When a partnership agreement is signed and executed, partnership disputes can often arise for various reasons. What is typically required is a negotiated discussion to determine the future of the partnership, however, these negotiations can often become acrimonious, typically when legal and personal matters are involved.
It is vital that an expertly drafted partnership agreement with a dispute resolution clause is included, this will provide clarity on the necessary steps that should be taken to ensure that all other means of resolving the dispute outside of the court have been exhausted. If no written agreement has been drawn up, the Partnership will be governed by the Partnership Act 1890.
It is advisable to first check whether the partnership agreement includes a clause to consider the companies procedure for dispute resolution. Alternative Dispute Resolution is normally encouraged due to its ability to provide quick adjudication and confidentiality when compared to traditional litigation. It offers a variety of cost-effective methods referred to as Arbitration, Mediation, or an Early Neutral Evaluation.
Mediation involves a trained mediator who aims to help both parties reach a mutually agreed settlement. The mediator will assist in discussing the current issues, negotiating and if the mediation is successful, the agreement will become legally binding.
This process allows both parties the ability to express their concerns and even the chance to restore communication. It should be noted that the aim is only to encourage the parties to come to an agreement, however, there is no legal obligation to accept the outcome.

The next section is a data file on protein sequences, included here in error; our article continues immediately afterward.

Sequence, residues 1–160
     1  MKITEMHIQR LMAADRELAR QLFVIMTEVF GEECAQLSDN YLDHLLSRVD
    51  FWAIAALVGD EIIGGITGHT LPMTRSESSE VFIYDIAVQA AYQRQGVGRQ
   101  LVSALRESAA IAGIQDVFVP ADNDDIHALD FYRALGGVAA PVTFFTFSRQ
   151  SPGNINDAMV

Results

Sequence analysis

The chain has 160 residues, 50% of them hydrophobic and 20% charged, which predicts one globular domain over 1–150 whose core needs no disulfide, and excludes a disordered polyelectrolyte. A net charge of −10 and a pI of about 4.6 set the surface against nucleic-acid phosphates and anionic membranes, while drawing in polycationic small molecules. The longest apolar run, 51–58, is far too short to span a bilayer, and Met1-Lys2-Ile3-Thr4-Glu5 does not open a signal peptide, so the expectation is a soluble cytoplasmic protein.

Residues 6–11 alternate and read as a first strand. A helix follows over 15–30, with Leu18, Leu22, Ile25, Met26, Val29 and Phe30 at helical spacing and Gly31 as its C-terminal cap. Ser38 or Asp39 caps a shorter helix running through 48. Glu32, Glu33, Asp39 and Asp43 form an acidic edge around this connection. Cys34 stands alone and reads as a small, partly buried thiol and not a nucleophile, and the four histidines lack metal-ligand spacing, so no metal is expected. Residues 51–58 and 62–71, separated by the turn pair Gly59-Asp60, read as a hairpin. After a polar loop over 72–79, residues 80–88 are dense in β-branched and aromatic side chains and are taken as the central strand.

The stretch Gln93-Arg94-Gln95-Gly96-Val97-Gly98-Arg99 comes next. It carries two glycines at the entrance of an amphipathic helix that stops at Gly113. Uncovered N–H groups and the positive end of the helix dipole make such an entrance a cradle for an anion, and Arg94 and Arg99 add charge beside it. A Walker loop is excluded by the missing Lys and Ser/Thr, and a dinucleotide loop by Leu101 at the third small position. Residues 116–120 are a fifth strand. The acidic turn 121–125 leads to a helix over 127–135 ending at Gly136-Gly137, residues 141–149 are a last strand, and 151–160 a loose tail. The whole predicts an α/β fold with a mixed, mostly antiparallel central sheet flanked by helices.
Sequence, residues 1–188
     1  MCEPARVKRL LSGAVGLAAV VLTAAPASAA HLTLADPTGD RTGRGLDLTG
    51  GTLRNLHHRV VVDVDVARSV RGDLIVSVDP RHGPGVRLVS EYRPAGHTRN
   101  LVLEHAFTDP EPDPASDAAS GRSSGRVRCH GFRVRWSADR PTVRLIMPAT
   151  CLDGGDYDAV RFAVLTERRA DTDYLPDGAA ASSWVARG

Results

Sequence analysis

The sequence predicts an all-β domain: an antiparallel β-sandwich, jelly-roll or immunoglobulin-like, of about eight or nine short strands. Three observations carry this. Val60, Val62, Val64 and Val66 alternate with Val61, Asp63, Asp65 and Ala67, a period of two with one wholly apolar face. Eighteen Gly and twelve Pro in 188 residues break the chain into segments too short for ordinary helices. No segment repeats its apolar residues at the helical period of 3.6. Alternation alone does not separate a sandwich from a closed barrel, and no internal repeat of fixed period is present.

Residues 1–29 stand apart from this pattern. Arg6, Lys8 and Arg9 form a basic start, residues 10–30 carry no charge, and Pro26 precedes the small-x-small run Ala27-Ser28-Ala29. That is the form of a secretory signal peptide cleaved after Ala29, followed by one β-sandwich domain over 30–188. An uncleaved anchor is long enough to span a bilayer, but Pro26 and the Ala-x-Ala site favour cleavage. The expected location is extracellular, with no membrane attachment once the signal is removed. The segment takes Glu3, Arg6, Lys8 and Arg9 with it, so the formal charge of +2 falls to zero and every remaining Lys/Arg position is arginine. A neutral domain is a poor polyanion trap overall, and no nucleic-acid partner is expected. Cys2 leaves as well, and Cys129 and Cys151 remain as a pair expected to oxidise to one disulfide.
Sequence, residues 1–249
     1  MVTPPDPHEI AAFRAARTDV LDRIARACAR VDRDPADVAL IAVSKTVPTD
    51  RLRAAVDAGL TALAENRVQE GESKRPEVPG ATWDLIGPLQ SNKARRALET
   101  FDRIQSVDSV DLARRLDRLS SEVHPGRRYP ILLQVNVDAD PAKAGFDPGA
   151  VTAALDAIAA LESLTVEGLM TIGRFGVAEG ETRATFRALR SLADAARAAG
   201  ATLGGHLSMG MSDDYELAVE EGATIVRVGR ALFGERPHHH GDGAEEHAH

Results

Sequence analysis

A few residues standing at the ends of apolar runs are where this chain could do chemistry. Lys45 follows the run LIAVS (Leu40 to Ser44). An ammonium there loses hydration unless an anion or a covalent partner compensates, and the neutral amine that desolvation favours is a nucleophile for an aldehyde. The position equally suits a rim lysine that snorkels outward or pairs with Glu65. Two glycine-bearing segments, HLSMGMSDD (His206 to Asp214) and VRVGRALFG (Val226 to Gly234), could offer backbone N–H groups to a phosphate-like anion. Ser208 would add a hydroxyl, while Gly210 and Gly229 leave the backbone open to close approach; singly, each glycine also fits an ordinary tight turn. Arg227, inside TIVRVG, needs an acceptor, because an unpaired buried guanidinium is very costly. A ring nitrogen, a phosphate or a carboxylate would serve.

Arbitration can be an efficacious way to resolve a partnership dispute by a qualified mediator, a hearing will be held to obtain a legally binding judgement by a third party and is fairly similar to the process of litigation. It is considered a faster, less expensive alternative and is good for commercial disputes given its confidentiality and narrow opportunity to challenge the award, providing a more finite decision.
A more pragmatic approach may be to pursue an Early Neutral Evaluation where an impartial evaluator will consider the case and determine both the strengths and weaknesses.
Like other forms of ADR, Early Neutral Evaluation is both cost effective and quicker than traditional litigation. The evaluator ensures that parties are equipped with a practical view of where they stand and is a good starting point to consider how best to settle the disagreement.
Partnership agreements may contain provisions that allow for a buyout, this enables one partner to obtain the shares of the exiting party and is considered a convenient means to resolve a dispute with minimal impact on the company. Specified terms and conditions of the buyout should be incorporated within the partnership agreement and should be consulted both before any further action is taken to consider the legal standpoint and avoid jeopardising their position.